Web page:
• Friday, April 19, 2024
businessday logo


Nigeria can assemble 150,000 new vehicles by 2015– NAC

While the federal government is determined to return Nigeria to its old glorious days as an automobile manufacturing nation under the new automotive policy, this move has been greeted with a lot of altercations especially from franchisees. Recently, MIKE OCHONMA raised a number of issues before Luqman Mamudu, director, policy and planning department National Automotive Council onboard South African Airways Johannesburg-Lagos bound flight.

Where are we presently in terms of duty and duty regimes

Used vehicles import will continue to attract 35 percent duty only without levy till December 2014. This has been the case since January 1st 2014, being the effective date of fiscal measures.

What were the reasons for extension?

In the implementation schedule of NAIDP, it was anticipated that by July 1st 2014, the existing local assembly plants and new entrants into the industry would have ramped up sufficient capacity to meet the expected upsurge in demand if the importation of used vehicles is restrained by imposition of 35% levy.

 But evidence on ground suggest that this had not happened due to bureaucratic constraints which impacted negatively on investors’ confidence and therefore limited investment commitment or hesitation to invest at all by OEMs. Equally anticipated was the establishment of a National Automotive Credit Purchase Scheme for made in Nigeria vehicles, especially for budget or popular vehicles expected to compete effectively with used vehicles. This had reached advanced stage but not ready for launch.

What happens if the low volume is low to feed the market after extension?

Evidence on ground suggests that stock of new vehicles is appreciating reasonably. For example, the entire new vehicle stock in 2013 was 50,000 units, but between January to May 2014, over 37,000 stock of new vehicles has already been recorded under NAIDP. Apart from existing assembly plants, 15 new automotive assembly plants have all signed technical agreements to commence operations before year end.

 Some of them actually have significant volume of knocked down (KD) kits on the high seas bound for Nigeria. Given the estimate of their projected output, 150,000 units of new vehicles and more may be delivered by year end under NAIDP. 

 The National Vehicle Purchase Scheme (NVPS) should be ready to provide low co st automotive finance scheme to individuals and cooperate entities before year end as well. Given the foregoing, it is unlikely that another extension will happen although the minister of industry, trade and Investment has the prerogative to extend by another six month if it becomes absolutely necessary.

Even then, there might be a moderation of the age of vehicles to be imported. At the moment, cars of below 10years and commercial vehicles below 15 years are allowed but this will definitely have to be scaled down. Don’t forget that apart from being a disincentive to new vehicle assemblers, used vehicles are environmentally undesirable. Age of vehicles is closely correlated to death rates on our roads and a resource drain on foreign exchange which denies Nigerians Jobs.

Luqman Mamudu
Luqman Mamudu

Level of cooperation with automakers

Most Global OEMs overwhelmingly honoured the invitation to the just concluded Nigeria Automotive Summit. This underscored the confidence in NAIDP and Nigeria as a desirable investment destination. Many automobile dealers in Nigeria at the moment are at various level of engagement with local partners to commence assembling operations before year end.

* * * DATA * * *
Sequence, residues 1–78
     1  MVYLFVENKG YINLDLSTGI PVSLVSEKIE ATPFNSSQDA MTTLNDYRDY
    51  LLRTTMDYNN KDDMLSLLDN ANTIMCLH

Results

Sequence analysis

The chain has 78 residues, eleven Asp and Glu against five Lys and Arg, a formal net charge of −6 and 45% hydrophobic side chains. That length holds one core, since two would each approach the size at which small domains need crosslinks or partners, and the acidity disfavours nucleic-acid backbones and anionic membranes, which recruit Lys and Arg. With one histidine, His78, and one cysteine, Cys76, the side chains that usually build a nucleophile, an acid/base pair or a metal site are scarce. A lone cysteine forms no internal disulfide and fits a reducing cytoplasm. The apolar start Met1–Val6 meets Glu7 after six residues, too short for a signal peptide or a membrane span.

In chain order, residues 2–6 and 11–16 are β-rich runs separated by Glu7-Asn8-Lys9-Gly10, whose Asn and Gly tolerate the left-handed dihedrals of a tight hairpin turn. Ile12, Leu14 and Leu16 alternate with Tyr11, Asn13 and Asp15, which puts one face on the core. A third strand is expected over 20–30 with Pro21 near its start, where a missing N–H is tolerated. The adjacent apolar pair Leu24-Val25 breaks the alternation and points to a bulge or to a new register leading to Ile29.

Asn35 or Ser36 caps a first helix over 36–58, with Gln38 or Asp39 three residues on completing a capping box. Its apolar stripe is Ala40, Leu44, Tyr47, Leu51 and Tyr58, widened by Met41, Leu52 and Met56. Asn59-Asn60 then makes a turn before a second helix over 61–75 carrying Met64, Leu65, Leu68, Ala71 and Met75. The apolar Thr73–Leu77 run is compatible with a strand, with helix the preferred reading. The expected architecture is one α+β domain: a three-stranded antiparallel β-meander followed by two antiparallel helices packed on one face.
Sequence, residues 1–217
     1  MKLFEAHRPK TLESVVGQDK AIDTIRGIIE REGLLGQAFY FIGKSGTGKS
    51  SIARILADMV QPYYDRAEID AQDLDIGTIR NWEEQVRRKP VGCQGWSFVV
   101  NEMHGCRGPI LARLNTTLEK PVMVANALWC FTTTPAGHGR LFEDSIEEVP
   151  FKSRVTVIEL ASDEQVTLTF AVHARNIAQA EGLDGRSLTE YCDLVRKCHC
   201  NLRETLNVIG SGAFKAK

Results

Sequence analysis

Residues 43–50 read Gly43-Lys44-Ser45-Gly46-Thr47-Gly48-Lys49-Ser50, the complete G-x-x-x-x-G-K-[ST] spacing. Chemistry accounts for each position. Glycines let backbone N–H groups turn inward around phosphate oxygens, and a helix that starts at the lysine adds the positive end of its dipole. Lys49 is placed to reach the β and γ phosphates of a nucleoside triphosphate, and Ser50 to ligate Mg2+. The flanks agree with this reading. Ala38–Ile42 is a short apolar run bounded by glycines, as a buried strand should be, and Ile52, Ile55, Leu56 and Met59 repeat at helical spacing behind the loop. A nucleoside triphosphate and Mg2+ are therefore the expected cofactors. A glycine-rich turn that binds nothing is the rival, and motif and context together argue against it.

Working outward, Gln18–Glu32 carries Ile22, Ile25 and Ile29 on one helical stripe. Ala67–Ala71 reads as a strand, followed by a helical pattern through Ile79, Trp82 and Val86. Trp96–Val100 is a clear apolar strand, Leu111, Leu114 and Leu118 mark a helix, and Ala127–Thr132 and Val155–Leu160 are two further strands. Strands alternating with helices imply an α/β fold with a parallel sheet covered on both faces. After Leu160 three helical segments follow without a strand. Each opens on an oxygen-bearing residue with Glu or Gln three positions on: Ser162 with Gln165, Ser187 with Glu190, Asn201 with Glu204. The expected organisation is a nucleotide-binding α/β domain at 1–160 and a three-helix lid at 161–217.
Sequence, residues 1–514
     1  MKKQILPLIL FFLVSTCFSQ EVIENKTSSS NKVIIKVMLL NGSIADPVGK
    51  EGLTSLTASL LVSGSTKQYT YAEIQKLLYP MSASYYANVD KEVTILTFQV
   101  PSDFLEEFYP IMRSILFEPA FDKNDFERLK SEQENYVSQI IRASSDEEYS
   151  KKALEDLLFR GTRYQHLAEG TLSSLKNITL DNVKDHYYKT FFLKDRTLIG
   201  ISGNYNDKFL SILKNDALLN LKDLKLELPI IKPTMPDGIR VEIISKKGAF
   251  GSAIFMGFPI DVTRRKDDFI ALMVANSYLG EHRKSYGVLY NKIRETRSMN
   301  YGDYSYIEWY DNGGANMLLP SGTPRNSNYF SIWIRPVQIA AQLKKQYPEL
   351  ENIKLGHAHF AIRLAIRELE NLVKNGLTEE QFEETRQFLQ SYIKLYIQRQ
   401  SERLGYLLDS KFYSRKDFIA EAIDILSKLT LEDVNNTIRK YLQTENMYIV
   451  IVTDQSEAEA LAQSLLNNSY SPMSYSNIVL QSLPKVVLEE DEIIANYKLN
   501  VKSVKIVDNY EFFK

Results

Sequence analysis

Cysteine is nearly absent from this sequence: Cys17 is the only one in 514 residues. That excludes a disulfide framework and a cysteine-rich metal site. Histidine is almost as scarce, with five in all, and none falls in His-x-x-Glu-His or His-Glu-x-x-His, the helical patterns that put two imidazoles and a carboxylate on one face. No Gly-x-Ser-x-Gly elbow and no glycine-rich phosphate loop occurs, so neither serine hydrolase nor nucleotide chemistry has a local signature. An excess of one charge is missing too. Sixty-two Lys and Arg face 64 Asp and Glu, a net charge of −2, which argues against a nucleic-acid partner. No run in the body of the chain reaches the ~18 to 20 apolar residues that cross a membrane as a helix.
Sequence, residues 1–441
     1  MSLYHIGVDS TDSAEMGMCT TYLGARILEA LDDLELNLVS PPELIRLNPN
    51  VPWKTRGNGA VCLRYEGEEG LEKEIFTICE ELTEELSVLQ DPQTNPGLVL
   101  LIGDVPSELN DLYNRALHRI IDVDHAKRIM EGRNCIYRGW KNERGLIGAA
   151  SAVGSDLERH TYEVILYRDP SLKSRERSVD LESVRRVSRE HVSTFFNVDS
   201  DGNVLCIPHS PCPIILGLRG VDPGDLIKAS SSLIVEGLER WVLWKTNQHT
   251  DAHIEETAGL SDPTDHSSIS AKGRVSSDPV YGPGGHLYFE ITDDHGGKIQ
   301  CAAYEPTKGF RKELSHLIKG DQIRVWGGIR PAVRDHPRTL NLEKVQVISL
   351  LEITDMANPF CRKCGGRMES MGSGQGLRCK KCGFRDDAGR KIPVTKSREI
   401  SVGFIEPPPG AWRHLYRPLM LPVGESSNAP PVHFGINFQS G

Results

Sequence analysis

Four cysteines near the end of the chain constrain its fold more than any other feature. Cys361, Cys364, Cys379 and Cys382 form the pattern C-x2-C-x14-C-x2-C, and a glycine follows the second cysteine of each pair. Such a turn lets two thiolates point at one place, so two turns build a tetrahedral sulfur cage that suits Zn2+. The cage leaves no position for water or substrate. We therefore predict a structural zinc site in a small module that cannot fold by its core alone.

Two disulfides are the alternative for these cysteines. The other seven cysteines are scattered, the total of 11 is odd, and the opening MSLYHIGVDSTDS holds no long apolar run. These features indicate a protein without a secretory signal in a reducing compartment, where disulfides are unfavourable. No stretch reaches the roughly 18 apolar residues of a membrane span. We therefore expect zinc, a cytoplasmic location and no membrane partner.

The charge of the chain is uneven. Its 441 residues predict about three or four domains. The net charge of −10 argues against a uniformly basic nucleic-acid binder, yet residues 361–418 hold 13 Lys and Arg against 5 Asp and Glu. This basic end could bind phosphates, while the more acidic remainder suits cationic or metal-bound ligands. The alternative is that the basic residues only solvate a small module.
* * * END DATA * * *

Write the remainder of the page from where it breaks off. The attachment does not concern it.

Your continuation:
They will only invest in Nigeria directly, only when they are sure of the sustenance of the policy and the minister of industry, trade and investment is working assiduously to create this confidence. A bill on the policy has passed first reading at both chambers of the National Assembly.

Automotive test laboratories are being built by NAC at Enugu, Lagos and Zaria to support assembling and component parts industries. Various training programmes are ongoing and NAC has perfected plans to partner with BOSCH worldwide to trains Nigerians on appropriate automotive skills and the company will establish a corporate office in Nigeria by early September to support the the new automotive policy.

How did existing assemblers react to it?

The assemblers are definitely opposed to extension of effective date for the importation of used vehicles without levy. It is difficult for new vehicles to compete with used vehicles but the facts on ground suggest that they must up their game by the production of budget cars, and limiting models so that they can do 150,000 units of new vehicles and more may be delivered by year end under NAIDP.

 Once low cost and affordable (further supported by cheap vehicle finance scheme) vehicles are available, used vehicles will gradually lose market share. The public can easily mobilise against the policy if used vehicles are restrained without ready alternative. In spite of the merit of localising automobile manufacturing to the economy, especially job creation, patriotism alone cannot be relied on in Nigeria to sustain policy.

What are the implications

The implications of the extension are already inherent in the answers given but the window to extend will be carefully managed so as not to send wrong signals to the investment community. It has the potential to undermine the NAIDP but as said earlier, NAC is committed to ensure that there may be no need for further extension.